Tharoor asks LS Speaker to urgently allow parliamentary panels to meet via video conferencing

Members of Parliament have a responsibility to the nation via their constituencies to ensure that they are carrying out their duties to the best of their abilities, Tharoor said.

Published: 07th May 2020 05:03 PM  |   Last Updated: 07th May 2020 05:03 PM   |  A+A-


NEW DELHI: Chairman of parliamentary committee on Information Technology Shashi Tharoor has reiterated his demand to Lok Sabha Speaker Om Birla for urgently allowing parliamentary panels to make use of video conferencing for their meetings, citing UK's example.

In a letter to Birla, the senior Congress leader said the number of COVID-19 cases in the country has increased in a dramatic manner over the past few days which has raised serious questions about the health and safety of not just frontline healthcare workers but of all citizens.

Members of Parliament have a responsibility to the nation via their constituencies to ensure that they are carrying out their duties to the best of their abilities, Tharoor said.

"Those duties clearly include, constitutionally, parliamentary oversight of government work.

Time is of the essence, we need to get to work, but we must of course work with respect for the guidelines issued by our authorities to ensure social distancing is maintained," the MP from Thiruvananthapuram said.

"You are the custodian of the House of the People and the ultimate authority on all matters relating to the functioning of the Lok Sabha.

I therefore appeal to you to allow us to have the use of video conferencing at the earliest," Tharoor said.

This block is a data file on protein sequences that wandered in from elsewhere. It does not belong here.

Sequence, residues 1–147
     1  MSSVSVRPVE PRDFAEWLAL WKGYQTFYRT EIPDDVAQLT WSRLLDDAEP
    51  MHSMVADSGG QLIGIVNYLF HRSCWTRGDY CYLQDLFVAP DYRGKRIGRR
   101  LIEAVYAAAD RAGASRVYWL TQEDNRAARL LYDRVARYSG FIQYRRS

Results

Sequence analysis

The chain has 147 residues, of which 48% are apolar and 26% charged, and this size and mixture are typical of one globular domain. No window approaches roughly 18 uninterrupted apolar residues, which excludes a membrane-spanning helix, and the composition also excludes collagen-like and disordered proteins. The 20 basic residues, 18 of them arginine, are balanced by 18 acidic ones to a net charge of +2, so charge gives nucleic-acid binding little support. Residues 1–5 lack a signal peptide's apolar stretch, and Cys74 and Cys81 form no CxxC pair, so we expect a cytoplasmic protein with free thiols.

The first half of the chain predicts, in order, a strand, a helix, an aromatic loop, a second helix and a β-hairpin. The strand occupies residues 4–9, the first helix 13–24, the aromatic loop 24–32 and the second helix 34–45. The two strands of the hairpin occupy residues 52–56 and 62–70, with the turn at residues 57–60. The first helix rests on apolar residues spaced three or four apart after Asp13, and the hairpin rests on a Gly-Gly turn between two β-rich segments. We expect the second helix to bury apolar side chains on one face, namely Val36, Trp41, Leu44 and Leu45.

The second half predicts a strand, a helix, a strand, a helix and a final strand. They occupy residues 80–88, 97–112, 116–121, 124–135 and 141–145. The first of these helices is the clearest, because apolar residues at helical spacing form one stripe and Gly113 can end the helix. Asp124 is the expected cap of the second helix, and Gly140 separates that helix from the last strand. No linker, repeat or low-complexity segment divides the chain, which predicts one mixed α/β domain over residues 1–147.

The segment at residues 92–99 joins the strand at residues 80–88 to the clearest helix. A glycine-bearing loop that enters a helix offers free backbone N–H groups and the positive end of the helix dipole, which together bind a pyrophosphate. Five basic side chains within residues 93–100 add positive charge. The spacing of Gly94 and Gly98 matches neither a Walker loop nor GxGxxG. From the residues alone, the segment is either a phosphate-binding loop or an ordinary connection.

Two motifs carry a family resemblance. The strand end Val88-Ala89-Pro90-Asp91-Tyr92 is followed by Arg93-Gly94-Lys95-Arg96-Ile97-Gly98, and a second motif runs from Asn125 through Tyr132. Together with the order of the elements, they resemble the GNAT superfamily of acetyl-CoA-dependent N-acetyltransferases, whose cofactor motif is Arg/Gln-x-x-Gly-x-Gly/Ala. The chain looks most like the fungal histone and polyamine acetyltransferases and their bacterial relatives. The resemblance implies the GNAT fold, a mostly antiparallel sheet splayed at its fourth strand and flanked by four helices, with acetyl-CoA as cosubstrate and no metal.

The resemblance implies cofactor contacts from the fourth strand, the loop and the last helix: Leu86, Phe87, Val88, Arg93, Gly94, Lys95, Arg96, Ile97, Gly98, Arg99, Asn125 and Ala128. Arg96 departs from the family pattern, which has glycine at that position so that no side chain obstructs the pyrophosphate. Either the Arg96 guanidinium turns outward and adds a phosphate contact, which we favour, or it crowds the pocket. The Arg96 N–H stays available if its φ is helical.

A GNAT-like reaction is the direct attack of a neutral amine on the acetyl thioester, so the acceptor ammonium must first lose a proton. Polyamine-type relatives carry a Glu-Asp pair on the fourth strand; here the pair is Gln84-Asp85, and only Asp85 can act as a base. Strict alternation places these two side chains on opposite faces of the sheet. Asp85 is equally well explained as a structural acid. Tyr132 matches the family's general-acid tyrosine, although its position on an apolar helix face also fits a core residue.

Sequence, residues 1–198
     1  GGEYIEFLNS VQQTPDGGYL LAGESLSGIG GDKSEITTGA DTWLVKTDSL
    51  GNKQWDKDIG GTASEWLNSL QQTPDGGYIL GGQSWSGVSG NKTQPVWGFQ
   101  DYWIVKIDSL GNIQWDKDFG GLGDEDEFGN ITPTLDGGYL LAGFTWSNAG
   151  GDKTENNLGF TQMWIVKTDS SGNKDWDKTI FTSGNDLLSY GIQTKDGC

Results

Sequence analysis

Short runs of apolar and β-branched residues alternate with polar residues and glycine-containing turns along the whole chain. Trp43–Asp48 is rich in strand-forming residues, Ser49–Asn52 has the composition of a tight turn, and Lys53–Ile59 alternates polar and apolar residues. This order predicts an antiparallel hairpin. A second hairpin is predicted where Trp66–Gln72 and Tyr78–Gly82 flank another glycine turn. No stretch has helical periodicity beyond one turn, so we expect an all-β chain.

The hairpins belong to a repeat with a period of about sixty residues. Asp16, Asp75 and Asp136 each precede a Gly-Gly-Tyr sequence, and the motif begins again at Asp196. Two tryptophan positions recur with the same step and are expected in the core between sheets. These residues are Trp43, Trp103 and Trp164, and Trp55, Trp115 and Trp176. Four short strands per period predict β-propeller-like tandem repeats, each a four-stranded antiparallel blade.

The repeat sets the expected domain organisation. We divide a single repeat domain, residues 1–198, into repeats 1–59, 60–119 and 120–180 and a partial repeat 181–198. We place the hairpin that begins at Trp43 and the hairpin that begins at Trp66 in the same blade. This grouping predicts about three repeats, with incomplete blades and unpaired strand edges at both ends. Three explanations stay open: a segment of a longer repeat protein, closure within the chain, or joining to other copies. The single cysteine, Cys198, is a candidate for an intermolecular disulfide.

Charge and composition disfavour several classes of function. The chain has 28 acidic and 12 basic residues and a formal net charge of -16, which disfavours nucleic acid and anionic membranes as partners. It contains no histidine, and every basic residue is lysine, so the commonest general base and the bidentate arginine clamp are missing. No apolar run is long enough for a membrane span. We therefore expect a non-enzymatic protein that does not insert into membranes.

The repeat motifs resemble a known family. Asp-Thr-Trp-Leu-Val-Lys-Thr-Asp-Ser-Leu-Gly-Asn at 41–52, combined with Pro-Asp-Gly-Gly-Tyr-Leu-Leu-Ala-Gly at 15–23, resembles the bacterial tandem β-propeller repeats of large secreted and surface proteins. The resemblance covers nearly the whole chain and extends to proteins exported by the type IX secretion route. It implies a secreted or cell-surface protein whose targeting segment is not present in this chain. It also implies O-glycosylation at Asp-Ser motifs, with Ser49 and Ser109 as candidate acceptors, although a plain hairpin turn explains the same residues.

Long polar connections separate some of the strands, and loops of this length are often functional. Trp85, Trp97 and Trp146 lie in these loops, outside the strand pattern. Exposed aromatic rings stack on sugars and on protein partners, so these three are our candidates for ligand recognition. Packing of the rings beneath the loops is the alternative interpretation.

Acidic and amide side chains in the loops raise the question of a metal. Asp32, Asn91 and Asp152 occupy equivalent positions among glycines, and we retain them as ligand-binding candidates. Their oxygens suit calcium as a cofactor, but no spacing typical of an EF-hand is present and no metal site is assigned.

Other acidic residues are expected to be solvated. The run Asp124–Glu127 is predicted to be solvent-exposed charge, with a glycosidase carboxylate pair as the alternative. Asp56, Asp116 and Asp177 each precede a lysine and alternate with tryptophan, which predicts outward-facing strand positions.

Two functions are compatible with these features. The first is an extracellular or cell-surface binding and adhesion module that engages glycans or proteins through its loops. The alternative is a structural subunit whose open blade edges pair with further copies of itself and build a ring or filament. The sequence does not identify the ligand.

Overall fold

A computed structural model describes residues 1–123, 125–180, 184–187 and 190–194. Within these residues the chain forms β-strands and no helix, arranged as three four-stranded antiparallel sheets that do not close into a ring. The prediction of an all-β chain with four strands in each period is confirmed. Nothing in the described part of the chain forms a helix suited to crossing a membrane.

"I understand the objection you have received is regarding the risk that confidentiality may be compromised since cameras are involved.

This is easily addressed by restricting logins to members and official note-takers only and reminding MPs of their oath of confidentiality," he said.

After all, regular meetings are also recorded for purposes of maintaining a verbatim record and this would be no different, he said.

"As an example, our colleagues in the House of Commons in the United Kingdom have been using video conferencing technology to even carry out prime minister's questions, question hour etc if it can be carried out in one country, there is no reason why we cannot do it in ours," Tharoor said.

"Aside from parliamentary efficiency, we need to do this for the promotion of Indian technology, to demonstrate the quality of our skilled IT professionals; and we should take this opportunity to demonstrate to the country that despite our political differences, as elected representatives of the people we are united in our commitment to the country's well-being," he said.


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